Power of Queen Tiy


In Amenhotep III we can see the lazy and speculative Oriental, too improbable and too vain to bear the rigid routine of his fathers, yet too devoid of energy to formulate a new religion. On the other hand, there is everything about Aton, which completely supplants Atum, has been heard with some frequency in Thebes and elsewhere, but always, it must be remembered, as another word for Ra-Horakhti.
On the other hand, it may be supposed that the Queen Tiy possessed the ability to condition the affirmations of the new thought on her husband’s mind, and gradually to turn her eyes, and those of the court, away from the dark adoration of Amon in the direction of the brilliant. cult of the sun. Those who have traveled to Egypt will realize how completely the earth is dominated by the sun. The blue skies, the sparkling rocks, the golden desert, the green fields, all seem to cry out for the joy of the sun. The extraordinary energy that can be felt in Egypt at dawn and the profound melancholy that accompanies the red night must have been felt by Tiy also in his palace in Thebes. Over the years, the power and influence of the Queen Tiy increased; and now that he had brought a son to the king, the equally important role of the royal mother was added to his great position as royal wife. Never before had a queen been represented so freely in all the king’s monuments, nor had such a fine series of titles been given before to a pharaoh’s wife.

In Serdenga, far from Sudan, her husband erected a temple there; and in the distant Sinai a beautiful portrait of her was found. All visitors to Thebes saw his figure alongside the legs of the two great colossi on the edge of the Western Desert; and the huge statues of herself and her husband, now in the Cairo Museum, will be seen by those who have visited that collection. Of Gilukhipa / anyway, and the other wives of the king, nothing is heard: Queen Tiy has relegated them in the background almost before their wedding ceremonies were over.

When Amenhotep III reigned for about thirty years, he had stopped paying close attention to affairs of state, and the power had almost completely passed into the capable hands of Tiy. Already an influence, which we could presume to have been in large part of her, she felt in many directions: Ra-Horakhti and Aton were brought to the fore, a tone of thought that can hardly be considered as purely Egyptian, the art was undergoing changes and had achieved a level of excellence never before and after. The exquisite bas-reliefs of the end of the reign of Amenhotep III – for example, those that can be seen in Thebes in the tombs of Khaemhet and Ramose, both decidedly dated at the end of the reign – almost like the works of the early Florentine masters elusive grace in the delicate figures carved there, which, through another means and according to other conventional laws, make them appeal with the same force of indefinable sweetness as the figures in the works of Filippino Lippi and Botticelli do. In the mass of Egyptian painting and sculpture of secondary importance such gems were neglected and were not appreciated by the public; but the present writer ventures to think that one day they will put the hearts of all art lovers who dance like those of the great masters of Queen Tiy danced.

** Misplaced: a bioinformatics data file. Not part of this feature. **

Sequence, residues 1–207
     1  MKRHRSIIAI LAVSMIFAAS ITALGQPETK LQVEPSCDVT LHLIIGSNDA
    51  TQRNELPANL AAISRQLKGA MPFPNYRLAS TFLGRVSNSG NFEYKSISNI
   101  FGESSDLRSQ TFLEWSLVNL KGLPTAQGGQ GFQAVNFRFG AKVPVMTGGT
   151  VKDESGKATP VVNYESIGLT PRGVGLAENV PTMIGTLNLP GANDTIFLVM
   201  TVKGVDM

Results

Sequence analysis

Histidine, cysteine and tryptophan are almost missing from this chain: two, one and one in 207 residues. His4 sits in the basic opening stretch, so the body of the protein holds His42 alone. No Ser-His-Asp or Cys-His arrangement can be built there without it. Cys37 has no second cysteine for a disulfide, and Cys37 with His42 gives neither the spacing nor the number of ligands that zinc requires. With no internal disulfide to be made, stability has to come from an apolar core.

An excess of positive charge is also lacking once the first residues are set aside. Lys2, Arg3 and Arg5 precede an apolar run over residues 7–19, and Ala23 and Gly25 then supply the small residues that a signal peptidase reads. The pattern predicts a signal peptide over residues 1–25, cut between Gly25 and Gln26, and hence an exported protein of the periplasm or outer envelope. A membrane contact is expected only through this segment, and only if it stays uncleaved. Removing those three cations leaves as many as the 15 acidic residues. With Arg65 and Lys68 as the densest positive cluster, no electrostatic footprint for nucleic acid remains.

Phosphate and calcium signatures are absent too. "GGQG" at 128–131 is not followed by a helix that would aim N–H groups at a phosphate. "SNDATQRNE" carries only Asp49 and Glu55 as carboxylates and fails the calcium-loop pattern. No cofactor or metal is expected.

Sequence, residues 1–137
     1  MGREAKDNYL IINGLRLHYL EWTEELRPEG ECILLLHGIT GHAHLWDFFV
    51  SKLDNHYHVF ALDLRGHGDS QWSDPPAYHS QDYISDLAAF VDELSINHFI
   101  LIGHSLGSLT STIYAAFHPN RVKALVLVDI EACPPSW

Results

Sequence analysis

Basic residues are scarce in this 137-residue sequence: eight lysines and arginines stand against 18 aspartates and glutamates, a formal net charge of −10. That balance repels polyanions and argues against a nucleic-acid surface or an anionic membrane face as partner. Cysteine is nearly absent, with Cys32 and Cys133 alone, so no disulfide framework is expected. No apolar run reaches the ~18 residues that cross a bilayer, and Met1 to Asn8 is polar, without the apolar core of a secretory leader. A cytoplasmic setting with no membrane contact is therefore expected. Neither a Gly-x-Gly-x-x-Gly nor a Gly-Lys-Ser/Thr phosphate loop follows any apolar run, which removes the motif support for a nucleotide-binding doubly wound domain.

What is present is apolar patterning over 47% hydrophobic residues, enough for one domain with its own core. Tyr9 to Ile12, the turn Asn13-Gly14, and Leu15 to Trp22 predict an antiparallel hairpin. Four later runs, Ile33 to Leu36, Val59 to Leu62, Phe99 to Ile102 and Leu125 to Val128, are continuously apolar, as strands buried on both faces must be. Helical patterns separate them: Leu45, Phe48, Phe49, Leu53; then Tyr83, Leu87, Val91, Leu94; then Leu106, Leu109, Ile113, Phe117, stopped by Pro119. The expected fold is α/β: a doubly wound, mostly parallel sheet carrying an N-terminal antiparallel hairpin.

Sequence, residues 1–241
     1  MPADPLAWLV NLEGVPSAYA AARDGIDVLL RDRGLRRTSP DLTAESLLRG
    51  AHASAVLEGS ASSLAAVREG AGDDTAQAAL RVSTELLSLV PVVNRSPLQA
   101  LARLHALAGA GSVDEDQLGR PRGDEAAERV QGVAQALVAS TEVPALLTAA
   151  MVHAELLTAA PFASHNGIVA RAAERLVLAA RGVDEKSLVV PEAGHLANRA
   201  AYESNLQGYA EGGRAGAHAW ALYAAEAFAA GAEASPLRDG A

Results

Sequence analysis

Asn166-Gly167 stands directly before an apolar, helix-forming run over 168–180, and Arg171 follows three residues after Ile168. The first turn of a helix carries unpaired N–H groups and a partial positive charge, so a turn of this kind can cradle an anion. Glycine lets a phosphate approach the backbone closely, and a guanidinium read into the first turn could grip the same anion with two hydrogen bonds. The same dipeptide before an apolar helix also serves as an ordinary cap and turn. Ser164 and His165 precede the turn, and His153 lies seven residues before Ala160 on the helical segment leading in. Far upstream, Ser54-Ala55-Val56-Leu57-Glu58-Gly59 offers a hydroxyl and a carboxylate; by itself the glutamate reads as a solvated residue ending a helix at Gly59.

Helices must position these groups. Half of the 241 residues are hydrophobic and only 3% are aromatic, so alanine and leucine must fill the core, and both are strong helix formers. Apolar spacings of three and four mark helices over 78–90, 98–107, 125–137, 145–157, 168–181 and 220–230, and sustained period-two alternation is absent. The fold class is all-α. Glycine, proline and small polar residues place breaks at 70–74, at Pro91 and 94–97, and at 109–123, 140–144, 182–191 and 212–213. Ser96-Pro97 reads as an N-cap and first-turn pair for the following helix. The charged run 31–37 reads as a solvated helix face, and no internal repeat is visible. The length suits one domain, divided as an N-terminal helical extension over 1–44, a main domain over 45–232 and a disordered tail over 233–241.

The court in which the little prince spent his early years was brighter than ever, and Queen Tiy presided over scenes of indescribable splendor. Amenofi III was truly called “the Magnificent”; and at no time, save that of Thutmose III, the royal treasures were so full or the nobles so rich. Outside a parade of festivities, from the noise of singing and laughter, the little sad-eyed prince emerges for the first time on the stage of history, guided by the hand of Queen Tiy; but as appears before us, above the tinkling of the golden cups of wine, above the sound of the eardrums, it seems to hear the cadence of a simpler song, and the peaceful song of a lark.


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